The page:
The rich soils of Western New York’s forests support an incredible number of beautiful wildflowers in the spring. April and May see some forest floors virtually blanketed with array of colors.

Having immediate access to such floral displays is often difficult. For example, the hills of the Southern Tier are especially beautiful, but access is moderately difficult for a family looking to go on a spring hike – while Allegany County might sport tens of thousands of acres of state forests, most are without trail networks, making for some serious bushwhacking. Plus, getting there can be quite the haul for anyone coming from any of WNY’s population centers.

To see our vernal plants in all their glory, one need only head north to the town of Lockport Nature Trail. This wonderful 100-acre woodland is accessible to the masses – it’s just 45 minutes from downtown Buffalo and 30 minutes away from Niagara Falls. Getting there is easy: For most Western New Yorkers, take Route 78 (Transit Road) north through the city of Lockport. After passing the Niagara County fairground, you will go down a hill. Near the bottom is Slayton Settlement Road on your right. Turn there and the nature trail will be about a mile down Slayton Settlement Road on your right.

You will be greeted by a friendly sign at the park entrance and a stone and grass parking lot that can hold approximately 20 cars. The park is open all year long, from dawn to dusk. Don’t let the closed gate at the back of the parking lot scare you away, that is only there to keep cars out of the trails and, when open, allow the town’s park employees to keep the trails maintained.

And that they do -- quite well.

Every portion of the trail network -- which might approach 2 miles in total length if you take every primary trail and lesser-used sub-trail -- is in tip-top shape. They are wide, there are no overhanging branches or fallen trees, many are covered with fine crushed gravel and there are very few mud pits (I encountered only one on a recent April hike). Many trails are flat and will allow the use of a baby stroller or wheelchair; there are a few rises heading to the trails to the southeast which might prove to be problematic for wheeled transports.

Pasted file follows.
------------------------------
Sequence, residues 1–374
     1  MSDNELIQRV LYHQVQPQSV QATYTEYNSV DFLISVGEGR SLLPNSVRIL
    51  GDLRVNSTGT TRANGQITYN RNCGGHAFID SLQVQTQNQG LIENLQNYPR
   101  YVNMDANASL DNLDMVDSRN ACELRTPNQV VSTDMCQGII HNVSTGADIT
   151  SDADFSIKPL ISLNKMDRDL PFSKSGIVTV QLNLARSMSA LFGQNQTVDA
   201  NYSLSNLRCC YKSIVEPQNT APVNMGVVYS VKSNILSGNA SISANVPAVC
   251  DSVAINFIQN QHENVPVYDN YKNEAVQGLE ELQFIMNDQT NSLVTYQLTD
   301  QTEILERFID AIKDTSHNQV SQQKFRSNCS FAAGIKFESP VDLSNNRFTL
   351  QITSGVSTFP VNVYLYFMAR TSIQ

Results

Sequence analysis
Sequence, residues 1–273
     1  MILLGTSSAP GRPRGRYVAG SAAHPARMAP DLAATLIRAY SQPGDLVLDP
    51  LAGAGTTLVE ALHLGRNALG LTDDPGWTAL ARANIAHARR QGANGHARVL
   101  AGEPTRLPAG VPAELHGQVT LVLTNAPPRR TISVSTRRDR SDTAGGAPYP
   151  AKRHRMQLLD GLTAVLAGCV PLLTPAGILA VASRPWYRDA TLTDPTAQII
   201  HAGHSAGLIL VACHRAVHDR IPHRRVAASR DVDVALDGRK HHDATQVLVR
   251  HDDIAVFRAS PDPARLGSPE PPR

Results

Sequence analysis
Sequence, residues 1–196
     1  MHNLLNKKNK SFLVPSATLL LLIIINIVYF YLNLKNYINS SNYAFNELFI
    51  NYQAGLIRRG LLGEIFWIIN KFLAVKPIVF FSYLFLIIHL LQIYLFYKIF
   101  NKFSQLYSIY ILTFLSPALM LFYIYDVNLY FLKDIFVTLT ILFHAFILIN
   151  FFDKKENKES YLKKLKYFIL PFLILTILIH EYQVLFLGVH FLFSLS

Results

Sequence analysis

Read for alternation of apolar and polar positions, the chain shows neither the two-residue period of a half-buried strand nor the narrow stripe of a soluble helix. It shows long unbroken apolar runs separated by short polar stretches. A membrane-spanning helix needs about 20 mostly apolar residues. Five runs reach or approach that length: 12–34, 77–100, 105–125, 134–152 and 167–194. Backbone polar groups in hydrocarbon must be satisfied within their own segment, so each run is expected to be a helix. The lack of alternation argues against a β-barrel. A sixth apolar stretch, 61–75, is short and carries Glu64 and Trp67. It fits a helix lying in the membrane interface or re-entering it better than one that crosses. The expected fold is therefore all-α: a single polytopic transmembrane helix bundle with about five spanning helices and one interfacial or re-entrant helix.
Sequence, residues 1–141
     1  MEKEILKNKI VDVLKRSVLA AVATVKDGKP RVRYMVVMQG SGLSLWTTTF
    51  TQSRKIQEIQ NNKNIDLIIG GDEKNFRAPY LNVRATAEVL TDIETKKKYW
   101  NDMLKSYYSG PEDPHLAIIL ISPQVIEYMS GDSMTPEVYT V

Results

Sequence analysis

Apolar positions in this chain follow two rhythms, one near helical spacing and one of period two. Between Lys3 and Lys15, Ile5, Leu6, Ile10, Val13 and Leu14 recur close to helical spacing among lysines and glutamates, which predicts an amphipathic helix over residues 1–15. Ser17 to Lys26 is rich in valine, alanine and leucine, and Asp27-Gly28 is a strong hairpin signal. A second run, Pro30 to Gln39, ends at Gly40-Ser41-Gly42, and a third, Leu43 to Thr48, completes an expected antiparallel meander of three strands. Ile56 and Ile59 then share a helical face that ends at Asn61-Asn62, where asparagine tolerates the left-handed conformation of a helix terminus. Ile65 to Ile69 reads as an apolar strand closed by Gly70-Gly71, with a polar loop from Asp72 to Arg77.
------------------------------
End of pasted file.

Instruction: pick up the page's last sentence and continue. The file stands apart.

That’s what makes the Lockport Nature Trail such a finely-accessible field trip – families with young kids, senior citizens, those with a handicap, and anyone who doesn’t count themselves as a rugged outdoorsman can enjoy this hike…as can even the most seasoned of naturalists.

You will also find that this might be one of the most popular dog trails in WNY; early last Saturday morning, I encountered seven different hikers with dogs. Unlike many such trails that I’ve encountered in places like the Alabama Swamps and the Adirondacks, there is a good culture at Lockport and the hikers pick up after their best friends – I didn’t have to dodge one “land mine” while on the trails (critical for someone taking a five year old who doesn’t watch where she’s walking on a hike).

While those dogs will severely limit the amount of mammals you will see on your hike (deer, woodchucks, and rabbits will be scared off), they have no effect on the other impressive aspects of animal and plant life at the park.

The birds are especially abundant and varied because their surroundings are the same.

The deciduous forest is mixed in age. To the west it features brush chock full of hawthorns, honeysuckles, and ashes. The eastern two-thirds of the park feature older trees with a taller and wider canopy.

Such a mix makes the forest a great nesting site for woodpeckers, cardinals, thrushes, and vireos. That same diversity makes the park an extraordinary place to observe colorful warblers by the dozens as they migrant through the region in May.